Physiognomy Defined: A picture is worth a thousand assumptions

there is surely a Physiognomy, which those experienced and Master Mendicants observe… For there are mystically in our faces certain Characters which carry in them the motto of our Souls, wherein he that cannot read A.B.C. may read our natures.

—Sir Thomas Browne (1605-1682) in Religio Medici.

Physiognomy is defined as the art of judging ones character through outward appearances, most notably the face. This form of character analysis has come in and out of favor since its inception prior to the middle ages. It makes claims that such traits as trustworthiness, social dominance and aggression can be determined and measured by the appearance of people’s faces.

The ancient Greeks had realized this form of character analysis and heightened its popularity. Eventually though, physiognomy fell out of favor as a result of its misuse by vagabonds and swindlers looking to turn a profit.

However, it seems physiognomy has gaining popularity once again. In a recent study published by Justin Carré and Cheryl McCormic of Brock University in Ontario, Canada they found that by looking at a man’s face one can determine his predisposition to aggression. Through their research they determined that aggressiveness is predictable from the ratio between the width of a person’s face and it’s height. They concluded that the cause of this seems to be exposure to testosterone, which is also known to make people aggressive.

A written portrait of Samuel Johnson, by James Boswell
Smokes tobacco; fears madness; benevolent; fond of dress: has suit of sea-green and sliver; another of scarlet and gold; makes toothpicks; fond of billiards but thinks them blackguard; given to matrimonial schemes; schemes; strong feeling of family; vain; likes to wash his feet in warm water; likes to sing; has a good ear; can’t resist anything laughable’ has an excellent memory; is a monarchist; treasures romantic associations’ indolent; things he was badly educated; kind to servants; plays the flute; honest and good natured; fickle in love; fond of money; likes to sleep with his head high; given to whims of regularity; has great difficulty in rising’ a man of strict probity; likes novelty only in matters of imagination’ subject to low spirits; allows himself three hours each evening for amusement; eats too much; gloomy, peevish, splenetic; sits seven hours at cards; happier in vice than virtue; has sad dreams; represses thoughts of whoring; awakes thinking he is dying.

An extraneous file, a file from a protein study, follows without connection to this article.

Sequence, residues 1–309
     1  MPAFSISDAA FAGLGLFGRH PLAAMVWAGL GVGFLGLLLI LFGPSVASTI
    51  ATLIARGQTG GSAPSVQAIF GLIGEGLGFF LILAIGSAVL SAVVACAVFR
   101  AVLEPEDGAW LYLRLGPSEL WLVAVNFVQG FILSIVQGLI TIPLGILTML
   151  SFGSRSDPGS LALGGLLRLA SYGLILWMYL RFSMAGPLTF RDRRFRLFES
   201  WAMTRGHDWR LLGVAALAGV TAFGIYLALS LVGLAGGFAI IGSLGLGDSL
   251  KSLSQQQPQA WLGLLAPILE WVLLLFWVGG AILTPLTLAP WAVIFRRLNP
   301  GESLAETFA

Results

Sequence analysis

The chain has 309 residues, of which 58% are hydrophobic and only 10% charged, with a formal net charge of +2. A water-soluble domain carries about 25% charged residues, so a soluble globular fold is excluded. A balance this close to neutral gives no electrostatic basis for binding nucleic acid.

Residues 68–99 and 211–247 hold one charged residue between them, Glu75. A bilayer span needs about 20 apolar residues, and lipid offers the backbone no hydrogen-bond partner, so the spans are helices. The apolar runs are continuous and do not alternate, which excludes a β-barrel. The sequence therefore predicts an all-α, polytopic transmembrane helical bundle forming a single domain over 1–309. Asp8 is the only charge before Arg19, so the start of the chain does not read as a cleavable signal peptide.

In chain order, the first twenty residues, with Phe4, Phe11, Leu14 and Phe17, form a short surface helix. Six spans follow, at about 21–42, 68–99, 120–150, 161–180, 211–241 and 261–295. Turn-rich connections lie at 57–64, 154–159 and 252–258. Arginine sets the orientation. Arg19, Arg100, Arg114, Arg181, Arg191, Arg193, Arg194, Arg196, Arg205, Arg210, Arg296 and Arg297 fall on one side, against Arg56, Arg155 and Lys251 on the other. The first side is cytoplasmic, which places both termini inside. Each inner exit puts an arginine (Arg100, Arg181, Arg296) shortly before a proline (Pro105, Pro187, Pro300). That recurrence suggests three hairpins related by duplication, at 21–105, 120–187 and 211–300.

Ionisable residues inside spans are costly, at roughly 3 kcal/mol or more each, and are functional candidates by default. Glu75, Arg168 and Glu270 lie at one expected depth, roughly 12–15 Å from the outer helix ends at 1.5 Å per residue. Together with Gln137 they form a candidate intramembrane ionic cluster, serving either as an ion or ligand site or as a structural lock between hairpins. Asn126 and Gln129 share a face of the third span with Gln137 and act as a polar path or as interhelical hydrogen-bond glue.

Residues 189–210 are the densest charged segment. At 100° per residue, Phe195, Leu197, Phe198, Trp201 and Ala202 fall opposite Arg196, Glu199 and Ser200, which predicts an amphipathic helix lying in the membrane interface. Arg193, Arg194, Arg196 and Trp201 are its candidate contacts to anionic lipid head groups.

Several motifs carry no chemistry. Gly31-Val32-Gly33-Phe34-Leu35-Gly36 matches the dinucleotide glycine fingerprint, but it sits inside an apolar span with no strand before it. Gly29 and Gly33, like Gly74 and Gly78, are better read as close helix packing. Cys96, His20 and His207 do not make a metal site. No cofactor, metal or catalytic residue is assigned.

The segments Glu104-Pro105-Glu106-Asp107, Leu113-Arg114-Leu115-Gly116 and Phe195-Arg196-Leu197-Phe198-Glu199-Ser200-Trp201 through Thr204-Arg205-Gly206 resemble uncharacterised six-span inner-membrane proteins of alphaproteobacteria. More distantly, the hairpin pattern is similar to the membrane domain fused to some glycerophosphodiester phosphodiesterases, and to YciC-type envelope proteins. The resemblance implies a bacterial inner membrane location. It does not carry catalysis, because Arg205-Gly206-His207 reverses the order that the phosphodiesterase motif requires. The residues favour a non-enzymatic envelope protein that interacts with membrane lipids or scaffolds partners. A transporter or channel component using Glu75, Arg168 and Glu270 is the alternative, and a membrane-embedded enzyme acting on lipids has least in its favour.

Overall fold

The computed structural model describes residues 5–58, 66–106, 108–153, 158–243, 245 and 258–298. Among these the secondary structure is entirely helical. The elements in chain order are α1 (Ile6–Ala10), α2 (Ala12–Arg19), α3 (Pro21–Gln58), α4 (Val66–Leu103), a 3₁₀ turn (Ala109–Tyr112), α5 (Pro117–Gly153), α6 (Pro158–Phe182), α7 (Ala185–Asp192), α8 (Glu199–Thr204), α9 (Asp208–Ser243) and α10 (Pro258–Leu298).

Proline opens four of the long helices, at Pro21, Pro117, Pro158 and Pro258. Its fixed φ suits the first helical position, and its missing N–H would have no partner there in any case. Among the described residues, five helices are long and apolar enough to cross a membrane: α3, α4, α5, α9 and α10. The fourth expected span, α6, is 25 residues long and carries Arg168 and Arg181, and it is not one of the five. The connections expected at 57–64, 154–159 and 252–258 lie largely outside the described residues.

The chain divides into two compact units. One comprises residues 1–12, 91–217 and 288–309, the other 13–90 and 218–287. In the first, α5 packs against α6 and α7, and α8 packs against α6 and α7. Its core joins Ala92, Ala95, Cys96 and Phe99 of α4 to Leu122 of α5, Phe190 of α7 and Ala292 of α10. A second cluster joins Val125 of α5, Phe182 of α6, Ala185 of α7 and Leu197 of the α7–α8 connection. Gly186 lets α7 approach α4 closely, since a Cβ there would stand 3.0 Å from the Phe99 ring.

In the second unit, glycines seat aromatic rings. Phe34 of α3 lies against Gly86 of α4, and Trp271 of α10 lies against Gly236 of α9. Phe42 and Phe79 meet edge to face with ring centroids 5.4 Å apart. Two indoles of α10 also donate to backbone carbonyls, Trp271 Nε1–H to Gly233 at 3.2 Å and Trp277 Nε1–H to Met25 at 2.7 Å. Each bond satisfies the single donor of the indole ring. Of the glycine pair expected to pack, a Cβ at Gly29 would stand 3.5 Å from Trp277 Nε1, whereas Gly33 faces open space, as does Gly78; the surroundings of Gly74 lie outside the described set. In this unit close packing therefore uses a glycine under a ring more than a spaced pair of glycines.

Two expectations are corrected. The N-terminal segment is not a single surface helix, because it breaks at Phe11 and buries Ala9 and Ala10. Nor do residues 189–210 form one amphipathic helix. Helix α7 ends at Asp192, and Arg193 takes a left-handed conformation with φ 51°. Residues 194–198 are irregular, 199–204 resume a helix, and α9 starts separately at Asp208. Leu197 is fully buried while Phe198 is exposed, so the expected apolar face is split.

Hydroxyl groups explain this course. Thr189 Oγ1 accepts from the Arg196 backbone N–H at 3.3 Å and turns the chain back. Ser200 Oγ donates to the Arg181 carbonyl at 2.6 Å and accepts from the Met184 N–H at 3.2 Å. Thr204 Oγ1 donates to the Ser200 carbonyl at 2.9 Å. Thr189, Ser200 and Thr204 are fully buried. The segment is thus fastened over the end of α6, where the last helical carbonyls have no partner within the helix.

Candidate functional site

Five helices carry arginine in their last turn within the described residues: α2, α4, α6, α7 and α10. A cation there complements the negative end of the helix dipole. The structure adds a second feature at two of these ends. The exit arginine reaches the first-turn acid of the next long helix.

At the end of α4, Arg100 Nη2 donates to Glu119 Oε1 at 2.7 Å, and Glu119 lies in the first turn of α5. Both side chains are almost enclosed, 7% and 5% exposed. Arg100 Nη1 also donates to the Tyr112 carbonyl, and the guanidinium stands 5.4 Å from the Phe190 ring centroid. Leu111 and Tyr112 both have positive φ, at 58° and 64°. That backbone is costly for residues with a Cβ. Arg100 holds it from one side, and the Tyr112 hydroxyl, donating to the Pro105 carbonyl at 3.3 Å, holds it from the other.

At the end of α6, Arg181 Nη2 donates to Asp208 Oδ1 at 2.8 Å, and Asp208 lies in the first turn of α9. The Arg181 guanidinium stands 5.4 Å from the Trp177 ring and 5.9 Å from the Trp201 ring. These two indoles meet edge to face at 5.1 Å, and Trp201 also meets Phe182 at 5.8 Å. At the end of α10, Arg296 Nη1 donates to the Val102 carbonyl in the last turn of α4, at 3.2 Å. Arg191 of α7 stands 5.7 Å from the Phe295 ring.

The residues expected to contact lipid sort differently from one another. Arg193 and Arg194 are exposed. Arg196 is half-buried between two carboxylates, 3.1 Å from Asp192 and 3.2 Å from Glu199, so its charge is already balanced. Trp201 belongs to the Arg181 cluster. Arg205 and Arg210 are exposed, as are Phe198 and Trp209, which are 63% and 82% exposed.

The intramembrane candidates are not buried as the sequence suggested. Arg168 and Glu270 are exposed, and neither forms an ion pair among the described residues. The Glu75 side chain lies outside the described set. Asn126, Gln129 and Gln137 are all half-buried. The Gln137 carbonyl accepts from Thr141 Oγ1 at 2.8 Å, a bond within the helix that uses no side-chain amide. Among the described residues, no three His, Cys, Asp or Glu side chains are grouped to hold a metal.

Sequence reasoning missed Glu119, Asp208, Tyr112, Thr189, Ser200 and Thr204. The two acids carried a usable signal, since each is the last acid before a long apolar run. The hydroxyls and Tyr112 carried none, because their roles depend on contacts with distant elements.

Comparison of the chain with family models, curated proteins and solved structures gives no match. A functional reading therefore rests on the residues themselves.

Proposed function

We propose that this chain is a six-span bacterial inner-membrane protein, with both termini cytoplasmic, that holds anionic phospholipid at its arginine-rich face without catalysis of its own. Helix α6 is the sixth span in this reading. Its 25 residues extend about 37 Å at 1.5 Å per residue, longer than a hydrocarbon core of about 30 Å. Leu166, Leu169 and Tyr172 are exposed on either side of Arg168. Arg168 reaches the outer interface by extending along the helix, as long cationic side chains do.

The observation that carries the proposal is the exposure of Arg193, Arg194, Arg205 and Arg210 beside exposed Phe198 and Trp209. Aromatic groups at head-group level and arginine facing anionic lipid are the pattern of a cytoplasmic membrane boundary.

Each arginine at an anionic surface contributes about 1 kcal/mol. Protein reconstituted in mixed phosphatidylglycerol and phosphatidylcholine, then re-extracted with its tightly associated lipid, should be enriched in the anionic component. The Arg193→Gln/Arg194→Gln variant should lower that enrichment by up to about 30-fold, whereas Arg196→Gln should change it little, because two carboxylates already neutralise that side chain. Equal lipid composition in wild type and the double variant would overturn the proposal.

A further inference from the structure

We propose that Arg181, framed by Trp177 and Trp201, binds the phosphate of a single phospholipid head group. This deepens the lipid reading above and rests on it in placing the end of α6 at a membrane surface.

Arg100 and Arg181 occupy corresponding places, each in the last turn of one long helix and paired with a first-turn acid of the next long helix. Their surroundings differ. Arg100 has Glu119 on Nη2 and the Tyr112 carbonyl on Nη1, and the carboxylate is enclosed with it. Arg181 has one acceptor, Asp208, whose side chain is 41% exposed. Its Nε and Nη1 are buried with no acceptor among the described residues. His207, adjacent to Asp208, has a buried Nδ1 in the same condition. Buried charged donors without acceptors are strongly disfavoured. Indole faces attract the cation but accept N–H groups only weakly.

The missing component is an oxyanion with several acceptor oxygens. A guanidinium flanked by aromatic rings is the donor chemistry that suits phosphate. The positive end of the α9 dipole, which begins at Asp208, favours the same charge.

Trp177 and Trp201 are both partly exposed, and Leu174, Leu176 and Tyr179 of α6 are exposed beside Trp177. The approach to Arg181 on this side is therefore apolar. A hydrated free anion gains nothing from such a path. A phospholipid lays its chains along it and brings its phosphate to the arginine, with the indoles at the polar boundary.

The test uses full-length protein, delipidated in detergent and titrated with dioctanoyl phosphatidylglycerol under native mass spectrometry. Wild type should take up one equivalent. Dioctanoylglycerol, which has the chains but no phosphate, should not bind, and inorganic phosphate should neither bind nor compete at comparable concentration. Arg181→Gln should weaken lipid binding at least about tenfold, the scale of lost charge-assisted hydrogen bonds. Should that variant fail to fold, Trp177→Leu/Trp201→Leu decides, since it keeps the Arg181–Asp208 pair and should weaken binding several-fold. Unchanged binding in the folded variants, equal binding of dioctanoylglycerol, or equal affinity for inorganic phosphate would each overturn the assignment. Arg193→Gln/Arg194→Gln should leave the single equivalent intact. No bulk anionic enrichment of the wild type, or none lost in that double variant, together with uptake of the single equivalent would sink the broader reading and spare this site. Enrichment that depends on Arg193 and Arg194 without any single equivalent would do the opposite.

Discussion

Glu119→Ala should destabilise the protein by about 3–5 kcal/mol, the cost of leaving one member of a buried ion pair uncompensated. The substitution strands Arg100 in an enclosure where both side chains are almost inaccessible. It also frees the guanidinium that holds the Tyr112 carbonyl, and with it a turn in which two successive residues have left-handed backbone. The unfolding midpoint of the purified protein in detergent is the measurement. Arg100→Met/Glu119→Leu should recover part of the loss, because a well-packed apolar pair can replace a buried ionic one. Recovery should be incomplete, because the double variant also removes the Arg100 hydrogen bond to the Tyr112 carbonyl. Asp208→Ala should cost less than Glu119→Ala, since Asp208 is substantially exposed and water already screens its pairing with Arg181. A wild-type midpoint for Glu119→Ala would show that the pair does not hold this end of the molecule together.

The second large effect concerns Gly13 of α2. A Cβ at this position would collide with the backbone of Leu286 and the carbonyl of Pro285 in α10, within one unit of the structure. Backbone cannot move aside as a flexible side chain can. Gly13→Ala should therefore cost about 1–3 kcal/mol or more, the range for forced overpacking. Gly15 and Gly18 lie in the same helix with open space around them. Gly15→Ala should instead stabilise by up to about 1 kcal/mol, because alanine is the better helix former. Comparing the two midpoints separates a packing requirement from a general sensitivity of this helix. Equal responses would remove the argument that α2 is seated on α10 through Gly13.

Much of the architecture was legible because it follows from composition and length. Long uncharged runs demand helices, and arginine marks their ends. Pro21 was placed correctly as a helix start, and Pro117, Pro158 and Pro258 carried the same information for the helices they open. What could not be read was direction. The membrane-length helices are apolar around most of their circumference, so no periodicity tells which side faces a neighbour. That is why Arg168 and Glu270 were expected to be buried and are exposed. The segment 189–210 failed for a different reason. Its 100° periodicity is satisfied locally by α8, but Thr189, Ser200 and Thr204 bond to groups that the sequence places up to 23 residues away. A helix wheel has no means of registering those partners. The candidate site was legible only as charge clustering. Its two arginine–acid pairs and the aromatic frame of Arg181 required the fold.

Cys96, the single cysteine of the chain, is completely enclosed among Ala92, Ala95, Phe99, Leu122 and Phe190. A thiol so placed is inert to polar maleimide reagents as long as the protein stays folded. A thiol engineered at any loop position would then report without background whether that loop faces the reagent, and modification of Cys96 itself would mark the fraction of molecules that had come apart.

In the words of Ben Maddow the author of Faces, A Narrative History of the Portrait in Photography, “Just as two points determine a line, three a plane, and four a solid, so with five or more points of character we begin to imagine a human being.”

We can ascertain a lot about Samuel Johnson and nearly as much about the author by reading the detailed description of his character. A portrait of the face reveals much the same insight. One way to think about how much value in recognition we place on our perception of the face is to think about someone you know but have not seen, whether in person or in picture. A radio talk-show host for example; when listening to their voice come over the radio we connect some visual qualities to this person that resemble a portrait in our minds. This helps to form a connection to the host. If we agree with the message they are transmitting to the masses, our tendency is to associate qualities we consider respectable, beautiful, and proper. If we disagree with their message, we will assign unfavorable visual qualities to their portrait, describing them as ugly, aggressive, and possibly grotesque.

Another example of our natural tendency to form a relationship through facial recognition are the countless and centuries old depictions of God, Christ and the angelic figures of Heaven. Due to our need for connection and therefore recognition we now associate Christ as a long-haired, youthful, fair-skinned, strong, slender, and handsome young man.

The portrait speaks volumes about the person it depicts, greater still are our assumption about that person. The color and texture of their skin, the shape of their smile (or the lack thereof), the color of their eyes, the clothes they wear, or the look on their face all communicate to the viewer various levels of connotative messages.

Many of these messages are shaped by our preconceived notions of race, gender, age, and beauty. Physiognomy aims at ascribing a scientific formula to each of the aforementioned qualities in such as way as to determine ones trustworthiness, aggressiveness, and social dominance.

. . . since through the eyes the heart is seen in the face . . .
—Michelangelo Buonarroti, 1533

~ John Trefethen


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